It is as if colour has broken loose of its realist base into a flight of free association

It is more by colour than design that Rhodes asserts the autonomy of her paintings from the documentary mode to which they seem beholden. Colour is transposed from a naturalistic register across the span of a composition until its relations make representational sense on their own terms, which may have only the most tenuous connection to how the place they picture might conceivably have appeared. The two patches of vegetation just off the coastal road of Pier (Night) look like huge, questing slugs because their reddish-brown colour fails to be taken up by the greyish setting. It is as if colour has broken loose of its realist base into a flight of free association. Business Park (Night) (2007) is a dark painting; its turquoises, viridians and crimsons as precisely coordinated as they are apocryphal, like an infrared intensification of the darkness’s voiding of colour, an effect that does not seem arbitrarily subjective, but calibrated across its spectrum into a matter-of-fact light specific to a fiction, invented rather than reported, but still able to trade on the accuracy of its report.

But Rhodes’s art would be didactic or academic if her pseudo-realism were merely a type of formalism – a means of arriving at colour schemes that remain in the subjunctive: as if a landscape looked like this – and not a way of positing places specific to a particular world to which they might all belong, and which each painting extends in its scope. The characteristically furtive, clandestine air of the buildings she paints – as if they were concealing sinister secrets – is a function of their seeming to have been designed first and foremost in the abstract, out of geometric shape and colour, and only secondarily with the intention of creating a realistic image of architecture. A focus on form manifests itself as an aspect of the charged atmosphere of the world into which her art projects us.

Carol Rhodes, Pier (Night), 2000. AR December 2017 Feature
Pier (Night), 2000, oil on board, 42 × 51cm. Photo: Simon Mills. © the artist. Courtesy Andrew Mummery

Rhodes’s landscapes are unlocatable because they are fantastical – they do not exist outside of a painting’s fiction – and because they are remote.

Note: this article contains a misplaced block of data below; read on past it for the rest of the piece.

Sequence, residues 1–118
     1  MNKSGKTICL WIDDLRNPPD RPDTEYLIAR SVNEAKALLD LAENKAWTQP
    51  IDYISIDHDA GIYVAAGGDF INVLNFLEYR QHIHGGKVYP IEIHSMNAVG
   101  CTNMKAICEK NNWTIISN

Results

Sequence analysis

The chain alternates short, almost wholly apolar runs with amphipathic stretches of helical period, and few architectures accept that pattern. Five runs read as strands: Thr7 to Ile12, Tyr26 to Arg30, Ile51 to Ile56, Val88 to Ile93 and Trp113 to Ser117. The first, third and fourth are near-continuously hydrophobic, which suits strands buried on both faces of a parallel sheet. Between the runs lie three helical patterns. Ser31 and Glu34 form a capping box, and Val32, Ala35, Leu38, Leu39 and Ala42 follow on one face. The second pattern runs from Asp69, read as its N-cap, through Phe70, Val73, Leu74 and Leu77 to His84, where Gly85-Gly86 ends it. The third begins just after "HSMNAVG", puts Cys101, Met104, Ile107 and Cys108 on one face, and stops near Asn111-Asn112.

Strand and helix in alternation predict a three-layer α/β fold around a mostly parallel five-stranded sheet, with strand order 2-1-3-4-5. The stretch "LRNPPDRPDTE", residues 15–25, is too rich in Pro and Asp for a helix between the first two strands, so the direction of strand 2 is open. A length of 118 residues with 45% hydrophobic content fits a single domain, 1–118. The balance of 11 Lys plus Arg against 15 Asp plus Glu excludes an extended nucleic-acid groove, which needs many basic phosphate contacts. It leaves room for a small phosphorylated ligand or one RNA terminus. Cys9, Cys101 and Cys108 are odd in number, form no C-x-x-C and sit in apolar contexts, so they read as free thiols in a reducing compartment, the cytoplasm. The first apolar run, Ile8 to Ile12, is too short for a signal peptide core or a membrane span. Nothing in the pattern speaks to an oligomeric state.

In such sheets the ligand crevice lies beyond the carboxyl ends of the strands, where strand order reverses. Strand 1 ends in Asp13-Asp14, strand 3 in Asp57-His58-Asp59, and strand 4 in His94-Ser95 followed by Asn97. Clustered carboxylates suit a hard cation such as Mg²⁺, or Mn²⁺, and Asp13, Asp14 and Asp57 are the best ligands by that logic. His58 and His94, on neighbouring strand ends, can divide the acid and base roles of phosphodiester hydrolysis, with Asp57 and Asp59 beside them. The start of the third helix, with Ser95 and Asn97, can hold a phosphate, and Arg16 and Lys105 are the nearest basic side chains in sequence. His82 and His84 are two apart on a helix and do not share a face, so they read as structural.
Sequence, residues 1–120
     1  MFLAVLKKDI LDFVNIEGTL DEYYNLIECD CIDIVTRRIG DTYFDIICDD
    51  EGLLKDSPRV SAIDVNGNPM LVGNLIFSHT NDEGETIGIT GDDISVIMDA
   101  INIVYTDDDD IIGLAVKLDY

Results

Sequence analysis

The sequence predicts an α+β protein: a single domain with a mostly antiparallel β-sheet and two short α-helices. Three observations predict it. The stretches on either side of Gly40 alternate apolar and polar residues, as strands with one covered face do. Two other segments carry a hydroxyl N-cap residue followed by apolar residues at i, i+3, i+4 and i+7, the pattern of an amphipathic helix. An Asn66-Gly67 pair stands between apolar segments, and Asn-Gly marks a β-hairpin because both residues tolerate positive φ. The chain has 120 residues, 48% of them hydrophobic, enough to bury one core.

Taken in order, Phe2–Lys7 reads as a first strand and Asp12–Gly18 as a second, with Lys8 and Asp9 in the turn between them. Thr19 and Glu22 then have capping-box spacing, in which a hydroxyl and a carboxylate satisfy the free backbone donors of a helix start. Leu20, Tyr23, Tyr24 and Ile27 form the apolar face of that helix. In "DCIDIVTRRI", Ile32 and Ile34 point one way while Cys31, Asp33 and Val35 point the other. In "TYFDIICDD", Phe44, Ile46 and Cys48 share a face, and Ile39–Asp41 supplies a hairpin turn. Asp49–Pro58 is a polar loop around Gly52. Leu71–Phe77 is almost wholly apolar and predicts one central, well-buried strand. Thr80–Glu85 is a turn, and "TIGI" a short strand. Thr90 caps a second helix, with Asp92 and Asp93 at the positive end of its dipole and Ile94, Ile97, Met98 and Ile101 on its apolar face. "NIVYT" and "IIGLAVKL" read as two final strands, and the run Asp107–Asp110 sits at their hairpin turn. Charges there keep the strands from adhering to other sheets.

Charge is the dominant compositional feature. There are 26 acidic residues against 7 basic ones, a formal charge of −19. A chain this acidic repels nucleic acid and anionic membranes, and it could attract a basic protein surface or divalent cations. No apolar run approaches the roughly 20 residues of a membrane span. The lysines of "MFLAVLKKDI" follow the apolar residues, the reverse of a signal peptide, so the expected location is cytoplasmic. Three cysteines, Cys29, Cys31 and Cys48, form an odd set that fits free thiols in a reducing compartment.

It is a clue to how that world might be defined, and what it might signify, when she writes that she is painting ‘left-over land’. Her paintings crystallise the feeling of passing through, or over, a dark, foreign landscape, only able to make out the vague lineaments of obscure industrial features and isolated housing; a feeling of uncertainty that the remote detail will continue to exist outside of the accident by which it is perceived. Rhodes’s landscapes are unlocatable because they are fantastical – they do not exist outside of a painting’s fiction – and because they are remote. They are both far-off and farfetched. They are ‘nowhere places’ both in the sense of their fictiveness and their obscurity, their being nowhere to be found and ‘in the middle of nowhere’, the former a metaphor for the latter, and vice versa. This double-edged obscurity, as the focus of an eminently representational idiom, is a manifestation of the most eerie kind of science fiction: that which is not made safe by being placed under the remit of the familiar unknownness of outer space or the distant future, but shares the ground under our feet.

The obscurity of the unperceived, or seldom perceived, may also imply the marginality of painting as a medium for documenting reality in our photography-oriented image world; but also that what painting is able to show us may be an alternative reality to the evidenced but not experienced digital image, reversing those terms. It is among the paradoxes of Rhodes’s painting that her protracted process of arriving at a painting’s colours and forms doubles as a means of conveying to the viewer an experience of a place that its image informs us is distinguished by human absence. In the era of Google Earth, in which we assume that everything is either visible or can be made visible at the touch of a screen or click of a mouse, Rhodes pictures places beyond our means of establishing their existence, inaccessible except imaginatively. This makes her art a parable of the limits of information, meticulously striving to inventory spaces that by definition cannot be verified.

This article with appeared in the December 2017 issue of ArtReview